- Hot-Dry: A hot-dry climate generally is defined as a region that receives less than 20 in. (50 cm) of annual precipitation and where the monthly average outdoor temperature remains above 45°F (7°C) throughout the year.
- Mixed-Dry: A mixed-dry climate is defined as a region that receives less than 20 in. (50 cm) of annual precipitation, has approximately 5,400 heating degree days (65°F basis) or less, and where the average monthly outdoor temperature drops below 45°F (7°C) during the winter months.
- Marine: A marine climate generally is defined as a region that meets all of the following criteria:
• A mean temperature of the coldest month between 27°F (-3°C) and 65°F (18°C).
• A warmest month mean of less than 72°F (22°C).
• At least four months with mean temperatures more than 50°F (10°C).
• A dry season in summer. The month with the heaviest precipitation in the cold season has at least three times as much precipitation as the month with the least precipitation in the rest of the year. The cold season is October through March in the Northern Hemisphere and April through September in the Southern Hemisphere. Climate Variations (Continued)
- Cold: A cold climate generally is defined as a region with approximately 5,400 heating degree days (65°F basis) or more and fewer than approximately 9,000 heating degree days (65°F basis).
- Very Cold: A very cold climate is generally defined as a region with approximately 9,000 heating degree days (65°F basis) or more and fewer than approximately 12,600 heating degree days (65°F basis).
- Subarctic/Arctic: A subarctic climate generally is defined as a region with approximately 12,600 heating degree days (65° basis) or more.
Regional Climate Zones affect the interior conditions of the facility. With a clear understanding of what climate zone the facility is in, the builder and property owner can focus on getting the interior of the facility adequately prepared and ready for the flooring being installed in it. Having this information at your fingertips should give you the necessary tools to help educate your builders and property owners of what will be necessary for their new wood floors.
The job site should always meet or exceed all manufacturer requirements and NWFA Wood Flooring Installation Guidelines prior to wood delivery and before, during, and post-installation. It is the builder and property owner’s responsibility to get it there and keep it there.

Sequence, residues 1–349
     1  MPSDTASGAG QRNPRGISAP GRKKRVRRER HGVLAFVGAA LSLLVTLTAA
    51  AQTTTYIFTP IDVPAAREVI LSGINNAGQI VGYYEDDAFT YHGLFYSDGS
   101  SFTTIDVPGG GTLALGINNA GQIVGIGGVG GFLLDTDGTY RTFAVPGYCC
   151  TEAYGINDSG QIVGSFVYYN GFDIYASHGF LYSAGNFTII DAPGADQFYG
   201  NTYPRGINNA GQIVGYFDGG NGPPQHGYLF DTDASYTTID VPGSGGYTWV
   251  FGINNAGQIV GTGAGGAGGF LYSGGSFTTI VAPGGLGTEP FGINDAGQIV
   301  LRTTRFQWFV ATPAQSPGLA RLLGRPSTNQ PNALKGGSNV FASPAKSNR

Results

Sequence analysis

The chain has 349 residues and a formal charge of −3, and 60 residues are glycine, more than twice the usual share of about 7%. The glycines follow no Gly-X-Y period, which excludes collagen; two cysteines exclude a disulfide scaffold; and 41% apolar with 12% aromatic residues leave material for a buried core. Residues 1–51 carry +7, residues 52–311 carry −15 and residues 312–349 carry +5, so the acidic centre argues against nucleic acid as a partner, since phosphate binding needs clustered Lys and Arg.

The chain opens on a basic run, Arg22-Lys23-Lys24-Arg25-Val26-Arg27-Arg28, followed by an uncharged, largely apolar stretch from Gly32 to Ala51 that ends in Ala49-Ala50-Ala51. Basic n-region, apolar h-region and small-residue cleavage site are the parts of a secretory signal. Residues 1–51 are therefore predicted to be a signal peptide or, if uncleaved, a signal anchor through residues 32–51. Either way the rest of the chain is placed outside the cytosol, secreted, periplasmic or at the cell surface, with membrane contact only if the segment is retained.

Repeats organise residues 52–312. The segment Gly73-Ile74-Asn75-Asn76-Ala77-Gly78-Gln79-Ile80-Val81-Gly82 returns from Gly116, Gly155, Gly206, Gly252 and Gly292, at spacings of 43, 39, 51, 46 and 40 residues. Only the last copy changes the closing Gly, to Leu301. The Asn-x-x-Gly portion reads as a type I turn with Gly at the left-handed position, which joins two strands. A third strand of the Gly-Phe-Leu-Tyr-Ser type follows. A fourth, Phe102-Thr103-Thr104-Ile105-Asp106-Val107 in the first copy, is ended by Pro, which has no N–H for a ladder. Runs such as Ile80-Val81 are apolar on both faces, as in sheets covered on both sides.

Normally in zone 1, spending the summer in Zone 5. What a difference! Great info.
I installed 4″ Q/R White Oak floor over radiant heat in Sept. 2019, zone 5 Massachusetts. Here’s what happened. Upon arrival to install the flooring I was informed there was no acclimation done in the home. The radiant heat hadn’t even been hooked up or pressurized yet. The flooring had been delivered 2 weeks prior. I recommended to the Builder / Home Owner that the install be rescheduled. He explained that he had to choice but to move forward because his lease on the home he was renting was going to expire and he did not want to renew it. Also kitchen cabinetry was scheduled for installation a couple weeks later so the flooring had to be put in. Assuming we had an understanding that this was not recommended, I installed, sanded & finished the job (1500sqft). Even worse I didn’t have him sign anything. Everyone can stop shaking their heads please, I know! As you can expect the worsted happened. Flooring separated & squeaking everywhere. He wants me to take full responsibility and replace entire floor. He denies that he & I ever had a conversation about the acclimation prior to installation. Of Course! My question is, Does the home owner / builder / GC, have any responsibility here or is this all my fault for not walking away? I appreciate your feedback, good or bad.
He had a responsibility to provide acceptable jobsite conditions to perform the work. He did not. That said, commencement of work is acceptance of conditions. At that point you relieved him of that responsibility. Without a disclaimer (and these often don’t hold up), unfortunately you are on the hook.
I never lost money on a job I didn’t do. This should have been one of those times. Sorry Dude.
Thank you Carl, Your honesty sucks…lol